What Does An Inverted Yield Curve Mean?

You’ve probably been hearing some news lately about how the yield curve has gone inverted recently. You man be wondering, “What is an inverted yield curve? And why does that matter to me?” These are two great questions, and important ones too!

Check out this really cool video of the history of the treasury yield curve from 1990-2018.

After you read this post you’ll probably want to go back and watch this again and notice when the yield curve flattens out and inverts.

Interest rates are usually usually a pretty good indicator of how the economy is doing, and can many times tell you the direction that it’s heading. In fact, the yield curve is a much better indicator of the economy than stock market prices are.

A normal interest rate yield curve slopes up and to the right. In other words, short term interest rates are normally lower than longer term rates. This is true whether you’re investing money or borrowing money. If you think about investing in bank CD’s, a 2-month CD will normally pay you less interest than a 5-year CD. When you buy a CD you’re basically letting the bank keep your money for that period of time. The longer you let them keep it, the more they have to pay you for it.

The same concept applies to borrowing money, like on a mortgage. Mortgage interest rates for a 15-year mortgage are normally lower than what you’d get on a 30-year mortgage. A bank is taking more risk to let you borrow money for 30 years compared to letting you borrow it for 15 years. So they charge you more for a 30 year mortgage.

So what does all this have to do with a yield curve inversion? OK, I’m getting to that! Interest rates are affected in part by supply and demand. When a lot of people want to buy a certain bond, that drives the price of that bond up, and at the same time it makes the yield or the interest rate of that bond go down. If you have a lot of demand out there for the 10-year bond for example, the price of that bond goes higher, and the interest rate on it goes lower. At the same time, if you have less demand for a short term-bond, the value of that bond will go down and the interest rate on it will go higher.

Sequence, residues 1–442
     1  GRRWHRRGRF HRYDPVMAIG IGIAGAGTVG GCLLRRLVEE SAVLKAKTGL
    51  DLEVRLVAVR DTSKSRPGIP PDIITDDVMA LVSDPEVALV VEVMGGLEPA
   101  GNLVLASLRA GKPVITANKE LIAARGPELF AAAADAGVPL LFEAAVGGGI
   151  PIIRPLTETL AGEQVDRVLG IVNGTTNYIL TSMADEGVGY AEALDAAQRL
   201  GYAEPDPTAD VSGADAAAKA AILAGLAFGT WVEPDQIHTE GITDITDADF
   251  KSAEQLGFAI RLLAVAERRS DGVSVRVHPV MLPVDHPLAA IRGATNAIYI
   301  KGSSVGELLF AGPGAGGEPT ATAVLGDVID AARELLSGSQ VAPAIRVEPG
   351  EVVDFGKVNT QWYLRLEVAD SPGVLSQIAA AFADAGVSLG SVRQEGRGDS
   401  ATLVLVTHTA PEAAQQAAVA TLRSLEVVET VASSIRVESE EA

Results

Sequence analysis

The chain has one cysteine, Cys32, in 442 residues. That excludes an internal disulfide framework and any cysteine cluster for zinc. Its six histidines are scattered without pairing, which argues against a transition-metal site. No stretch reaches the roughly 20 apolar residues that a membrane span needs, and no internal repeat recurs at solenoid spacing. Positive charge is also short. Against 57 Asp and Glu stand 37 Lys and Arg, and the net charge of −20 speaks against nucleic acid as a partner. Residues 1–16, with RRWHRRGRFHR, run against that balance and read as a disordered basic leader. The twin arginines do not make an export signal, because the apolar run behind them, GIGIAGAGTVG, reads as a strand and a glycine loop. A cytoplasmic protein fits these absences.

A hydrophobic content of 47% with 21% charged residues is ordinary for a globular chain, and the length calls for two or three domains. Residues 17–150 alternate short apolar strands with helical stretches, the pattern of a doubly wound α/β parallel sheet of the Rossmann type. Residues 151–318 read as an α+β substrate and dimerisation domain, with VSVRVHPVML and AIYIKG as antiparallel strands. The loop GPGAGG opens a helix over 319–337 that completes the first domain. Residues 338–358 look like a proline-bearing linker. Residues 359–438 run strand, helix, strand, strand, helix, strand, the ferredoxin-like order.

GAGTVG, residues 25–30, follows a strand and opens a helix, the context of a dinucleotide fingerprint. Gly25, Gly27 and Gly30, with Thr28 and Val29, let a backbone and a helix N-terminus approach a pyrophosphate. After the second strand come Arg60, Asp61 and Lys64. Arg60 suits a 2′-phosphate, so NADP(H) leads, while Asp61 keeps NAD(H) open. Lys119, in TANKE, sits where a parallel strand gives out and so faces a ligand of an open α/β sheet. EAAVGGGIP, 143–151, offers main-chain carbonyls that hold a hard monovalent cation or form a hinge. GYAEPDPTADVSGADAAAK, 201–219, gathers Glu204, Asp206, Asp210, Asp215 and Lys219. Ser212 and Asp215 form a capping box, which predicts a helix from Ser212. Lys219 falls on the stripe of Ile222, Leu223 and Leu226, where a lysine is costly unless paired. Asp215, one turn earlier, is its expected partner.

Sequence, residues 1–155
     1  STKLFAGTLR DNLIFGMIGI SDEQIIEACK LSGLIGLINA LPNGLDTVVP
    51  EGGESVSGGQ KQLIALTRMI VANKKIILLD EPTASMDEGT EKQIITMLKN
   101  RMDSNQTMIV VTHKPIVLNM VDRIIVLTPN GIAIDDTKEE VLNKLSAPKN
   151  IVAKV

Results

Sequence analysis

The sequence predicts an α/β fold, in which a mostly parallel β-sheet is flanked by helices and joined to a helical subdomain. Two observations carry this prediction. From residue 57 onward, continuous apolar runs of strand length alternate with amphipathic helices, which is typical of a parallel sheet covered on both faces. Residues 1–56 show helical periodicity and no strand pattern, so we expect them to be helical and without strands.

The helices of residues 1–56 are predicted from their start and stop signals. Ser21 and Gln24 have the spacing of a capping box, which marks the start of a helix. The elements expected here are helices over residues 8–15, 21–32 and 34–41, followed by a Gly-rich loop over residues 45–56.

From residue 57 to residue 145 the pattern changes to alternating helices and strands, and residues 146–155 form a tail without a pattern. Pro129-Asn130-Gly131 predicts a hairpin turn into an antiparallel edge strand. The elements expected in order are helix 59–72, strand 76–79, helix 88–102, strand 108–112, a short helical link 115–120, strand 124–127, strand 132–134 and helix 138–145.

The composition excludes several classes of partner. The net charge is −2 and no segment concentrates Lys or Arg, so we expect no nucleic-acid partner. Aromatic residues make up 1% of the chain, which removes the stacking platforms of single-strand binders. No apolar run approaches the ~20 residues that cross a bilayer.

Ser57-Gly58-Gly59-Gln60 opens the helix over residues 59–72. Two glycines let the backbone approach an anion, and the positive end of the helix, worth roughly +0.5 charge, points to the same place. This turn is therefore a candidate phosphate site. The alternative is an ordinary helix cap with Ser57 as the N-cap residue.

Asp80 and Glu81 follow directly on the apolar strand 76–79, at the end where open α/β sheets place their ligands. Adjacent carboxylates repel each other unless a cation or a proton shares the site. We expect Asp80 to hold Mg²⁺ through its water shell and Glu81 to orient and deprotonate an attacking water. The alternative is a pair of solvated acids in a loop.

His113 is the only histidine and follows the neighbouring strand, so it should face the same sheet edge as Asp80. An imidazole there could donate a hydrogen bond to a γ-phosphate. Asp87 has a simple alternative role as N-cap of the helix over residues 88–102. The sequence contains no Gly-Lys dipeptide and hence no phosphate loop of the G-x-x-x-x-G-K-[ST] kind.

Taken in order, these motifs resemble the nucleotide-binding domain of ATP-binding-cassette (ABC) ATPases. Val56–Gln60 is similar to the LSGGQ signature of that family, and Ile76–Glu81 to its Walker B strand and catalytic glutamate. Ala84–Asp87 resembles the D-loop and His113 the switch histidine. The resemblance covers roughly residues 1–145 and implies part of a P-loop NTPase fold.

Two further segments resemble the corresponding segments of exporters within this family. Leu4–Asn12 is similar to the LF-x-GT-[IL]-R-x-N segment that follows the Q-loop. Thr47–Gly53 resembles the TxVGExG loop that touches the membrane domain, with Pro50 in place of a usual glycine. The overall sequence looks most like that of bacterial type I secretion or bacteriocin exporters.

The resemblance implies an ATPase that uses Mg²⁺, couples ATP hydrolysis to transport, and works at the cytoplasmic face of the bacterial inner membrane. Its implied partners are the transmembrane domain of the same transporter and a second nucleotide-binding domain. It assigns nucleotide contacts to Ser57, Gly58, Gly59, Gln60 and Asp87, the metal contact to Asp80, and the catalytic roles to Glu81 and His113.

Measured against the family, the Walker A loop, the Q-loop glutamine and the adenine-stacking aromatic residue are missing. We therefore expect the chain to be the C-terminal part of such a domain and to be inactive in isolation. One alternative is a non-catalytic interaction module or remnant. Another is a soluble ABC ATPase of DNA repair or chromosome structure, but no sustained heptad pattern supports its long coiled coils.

When a yield curve inverts, it means that more people are buying the longer term bonds, and selling the shorter term bonds. Investors would do this if they felt like a recession may be coming and so they want to lock in their money at higher, longer term rates. They do this for a few reasons. First, to protect their money in case the recession does come. And second, in a recession the Fed normally lowers short term interest rates. If your money is all invested in short term rates and the Fed starts lowering them, you’re going to get less and less interest and wish you had locked in a longer term rate earlier.

Historically, the treasury yield curve always goes inverted along with a recession starting. The most reliable rates to look at for an inverted yield curve are the 2-year and 10-year treasury yields. There’s only been one time in history that a recession started before the 2-year yield went higher than the 10-year yield. Normally, the two will invert about 18-24 months before the recession starts. Right now, the 1-month through the 6-month yields are higher than the 10 year yield. This is why you may have been hearing about an inverted yield curve lately. But, the 2-year treasury yield is still lower than the 10-year yield. Watch the video again and notice the times when the yield curve what flat and inverted. There was a recession that started July of 1990, so the video starts out with a pretty flat curve. The next recession started March 2001. And the last one started December of 2007.

I don’t think this is an emergency alarm going off yet, but it’s definitely something to be aware of and to watch closely. The next few years could bring more new highs in the stock market, or it could be a painful slogging with not much to show. It’s impossible to say this early after a yield curve inversion. However, we just recently had the 10-year anniversary of the stock market hitting it’s low point in March of 2009 at the end of the last big correction. Our economy has been recovering since then, which is a very long time for a recovery.

I’d love to hear your comments on this subject. Let me know what you think.

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